Life Begins At » Decluttering. Is it just making our junk someone else’s problem?

Decluttering. Is it just making our junk someone else’s problem?

decluttering someone else's junk

Last year MarieKondo told us to ditch anything that didn’t “Spark Joy”. The world embraced the KonMarie Method and Op/Charity Shops found themselves swamped by stuff. Many charities said their shops had reported a doubling in donations. Is decluttering really us making our unwanted junk someone else’s problem asks Rachel Smith.

Rampant mindless and unconscious consumerism is becoming a massive issue in wealthy nations around the world. In Australia, as an example, 25% of all food is thrown in the bin, we buy a new phone every 25 months, the majority of fashion purchases are only worn 7 times and 6,000kg of clothing and textiles are sent to landfill every 10 minutes. 30% of Australians admit to discarding more than 10 items of clothes in the last 12 months and the same number admit to having thrown out clothes that have been worn only once. We live in a world of buying more than we need.

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Charity shops are not an alternative to the bin

Charities are being forced to shell out hundreds of thousands of dollars each and every year to send damaged or dirty donated items to landfill. It’s expensive. Charities are paying $13 million a year to send unusable and unsaleable donated goods to landfill. 

Charity shops are flush with donated used underwear, broken bra’s and stained furniture that they can’t resell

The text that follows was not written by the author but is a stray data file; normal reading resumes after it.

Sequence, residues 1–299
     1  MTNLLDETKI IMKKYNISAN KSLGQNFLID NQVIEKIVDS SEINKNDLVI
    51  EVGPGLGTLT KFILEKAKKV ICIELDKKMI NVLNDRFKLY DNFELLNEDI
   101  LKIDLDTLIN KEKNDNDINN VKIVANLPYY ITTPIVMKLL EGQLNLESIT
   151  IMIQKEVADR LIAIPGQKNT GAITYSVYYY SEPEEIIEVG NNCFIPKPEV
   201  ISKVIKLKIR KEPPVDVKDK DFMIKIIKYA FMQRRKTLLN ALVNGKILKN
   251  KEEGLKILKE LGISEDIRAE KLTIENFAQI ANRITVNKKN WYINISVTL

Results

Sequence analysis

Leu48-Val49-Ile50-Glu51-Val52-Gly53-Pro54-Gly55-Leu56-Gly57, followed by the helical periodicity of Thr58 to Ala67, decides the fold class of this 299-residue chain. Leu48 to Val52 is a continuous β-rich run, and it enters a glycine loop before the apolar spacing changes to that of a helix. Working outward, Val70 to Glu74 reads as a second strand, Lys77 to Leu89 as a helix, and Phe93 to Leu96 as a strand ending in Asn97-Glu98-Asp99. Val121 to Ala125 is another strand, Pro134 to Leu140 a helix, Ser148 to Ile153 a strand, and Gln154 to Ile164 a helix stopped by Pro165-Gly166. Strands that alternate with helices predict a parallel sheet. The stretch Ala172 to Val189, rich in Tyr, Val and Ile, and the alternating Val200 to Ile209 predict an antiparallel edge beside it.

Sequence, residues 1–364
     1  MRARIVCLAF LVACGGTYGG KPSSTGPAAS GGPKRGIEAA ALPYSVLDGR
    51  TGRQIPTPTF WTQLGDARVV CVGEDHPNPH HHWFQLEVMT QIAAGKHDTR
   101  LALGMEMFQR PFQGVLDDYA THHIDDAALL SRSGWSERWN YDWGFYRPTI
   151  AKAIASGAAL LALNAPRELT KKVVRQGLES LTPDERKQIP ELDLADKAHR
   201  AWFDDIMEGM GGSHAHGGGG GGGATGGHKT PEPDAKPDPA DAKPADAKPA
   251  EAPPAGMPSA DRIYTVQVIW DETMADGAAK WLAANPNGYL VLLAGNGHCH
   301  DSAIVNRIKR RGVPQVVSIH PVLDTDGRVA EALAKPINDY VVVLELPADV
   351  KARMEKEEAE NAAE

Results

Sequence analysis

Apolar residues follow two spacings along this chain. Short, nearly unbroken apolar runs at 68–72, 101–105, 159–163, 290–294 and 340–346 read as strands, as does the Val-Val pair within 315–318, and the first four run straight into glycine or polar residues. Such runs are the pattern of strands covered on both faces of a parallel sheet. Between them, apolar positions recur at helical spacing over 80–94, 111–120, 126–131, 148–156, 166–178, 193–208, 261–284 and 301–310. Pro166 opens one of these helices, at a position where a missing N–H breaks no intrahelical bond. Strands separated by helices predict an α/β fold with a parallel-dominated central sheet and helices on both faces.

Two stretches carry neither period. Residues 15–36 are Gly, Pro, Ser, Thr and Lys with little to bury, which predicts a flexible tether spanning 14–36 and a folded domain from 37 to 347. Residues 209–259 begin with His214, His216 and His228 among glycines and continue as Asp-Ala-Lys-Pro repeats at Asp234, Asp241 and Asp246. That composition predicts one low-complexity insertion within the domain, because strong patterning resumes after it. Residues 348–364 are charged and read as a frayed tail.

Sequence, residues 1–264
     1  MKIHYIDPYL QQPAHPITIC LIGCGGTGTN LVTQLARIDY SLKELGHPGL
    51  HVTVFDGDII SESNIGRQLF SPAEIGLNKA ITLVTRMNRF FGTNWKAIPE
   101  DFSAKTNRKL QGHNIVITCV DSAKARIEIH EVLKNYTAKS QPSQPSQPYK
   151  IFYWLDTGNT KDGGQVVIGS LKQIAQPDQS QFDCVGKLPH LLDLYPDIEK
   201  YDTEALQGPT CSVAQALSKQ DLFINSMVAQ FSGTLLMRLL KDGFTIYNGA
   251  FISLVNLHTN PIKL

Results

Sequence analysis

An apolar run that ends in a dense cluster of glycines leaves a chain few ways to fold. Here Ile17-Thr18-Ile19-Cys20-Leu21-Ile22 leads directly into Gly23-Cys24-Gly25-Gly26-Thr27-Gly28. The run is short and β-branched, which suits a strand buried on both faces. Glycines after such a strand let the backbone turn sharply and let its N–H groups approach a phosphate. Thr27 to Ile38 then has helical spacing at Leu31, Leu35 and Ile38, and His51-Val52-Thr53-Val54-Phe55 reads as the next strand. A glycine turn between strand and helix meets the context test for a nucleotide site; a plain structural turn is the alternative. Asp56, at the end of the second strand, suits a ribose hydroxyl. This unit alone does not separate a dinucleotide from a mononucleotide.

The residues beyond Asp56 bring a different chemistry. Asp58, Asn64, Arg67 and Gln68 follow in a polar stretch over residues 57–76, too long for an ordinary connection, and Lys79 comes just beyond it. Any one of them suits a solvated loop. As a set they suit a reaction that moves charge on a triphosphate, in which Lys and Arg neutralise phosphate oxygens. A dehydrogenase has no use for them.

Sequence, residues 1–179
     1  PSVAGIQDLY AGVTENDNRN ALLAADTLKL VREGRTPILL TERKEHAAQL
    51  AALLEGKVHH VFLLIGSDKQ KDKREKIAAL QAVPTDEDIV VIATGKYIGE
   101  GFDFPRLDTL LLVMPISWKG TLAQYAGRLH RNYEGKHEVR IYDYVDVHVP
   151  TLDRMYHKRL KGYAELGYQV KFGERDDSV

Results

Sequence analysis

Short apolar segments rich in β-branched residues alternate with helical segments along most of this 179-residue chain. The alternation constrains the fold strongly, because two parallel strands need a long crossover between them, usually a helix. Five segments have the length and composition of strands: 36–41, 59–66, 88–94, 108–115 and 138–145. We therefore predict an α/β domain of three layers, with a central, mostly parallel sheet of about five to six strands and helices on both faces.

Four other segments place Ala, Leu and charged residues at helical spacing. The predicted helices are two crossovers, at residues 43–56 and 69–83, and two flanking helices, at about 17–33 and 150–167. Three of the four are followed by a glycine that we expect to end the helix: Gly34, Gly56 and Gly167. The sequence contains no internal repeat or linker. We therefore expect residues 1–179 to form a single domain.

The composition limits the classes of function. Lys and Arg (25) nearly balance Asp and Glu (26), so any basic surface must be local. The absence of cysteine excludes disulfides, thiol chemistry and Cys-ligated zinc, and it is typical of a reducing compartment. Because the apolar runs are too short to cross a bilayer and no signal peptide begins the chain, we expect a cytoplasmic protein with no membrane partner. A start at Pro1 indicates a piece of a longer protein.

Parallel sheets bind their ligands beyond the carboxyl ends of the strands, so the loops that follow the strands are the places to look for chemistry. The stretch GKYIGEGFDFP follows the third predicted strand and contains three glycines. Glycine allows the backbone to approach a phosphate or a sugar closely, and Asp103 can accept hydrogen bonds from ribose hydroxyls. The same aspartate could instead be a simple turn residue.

Charities around the world are urging customers to be aware that not everything can be resold. Items that are broken or in poor condition are either sent on to be recycled or go to landfill. However this cost ends up falling on charities – and that’s money that could otherwise be spent on “life-saving research” or to help more people.

What’s the alternative?

Instead I reckon we should sell, swap, share, reuse or upcycle the things we no longer want (Underspent Step 5. I got into swapping, sharing and selling) 

A few years ago I found two wicker chairs on kerbside collection. I took them home, washed them and painted them white. They still looked a bit shabby and didn’t really “go with” the existing wooden garden/balcony furniture. They’ve sat unused in the garage for a while.

I’ll be honest, 5 years ago I probably would have dumped them on the local charity shop. But why should my local charity shop volunteers sort out, repair and sell the junk I no longer want?

So yesterday I spray painted the chairs metallic gold. An hour of my time, $8 of paint and two new pieces of outdoor furniture I absolutely love. And when I’m sick of gold I’ll just spray paint them a new and different colour! 

What do you think?

Will you think twice before making you start your decluttering and unwanted junk someone else’s problem?

About the author

Rachel Smith

Rachel Smith is the Author of Underspent. She didn’t buy anything new or 2nd hand in 2014 and saved 38% of her salary. She broke her bad habit of impulse shopping, ‘buying just for the sake of buying’ and buying things she didn’t really need. Her Underspent book has helped thousands of women (and men) to change their shopping, spending and saving habits.

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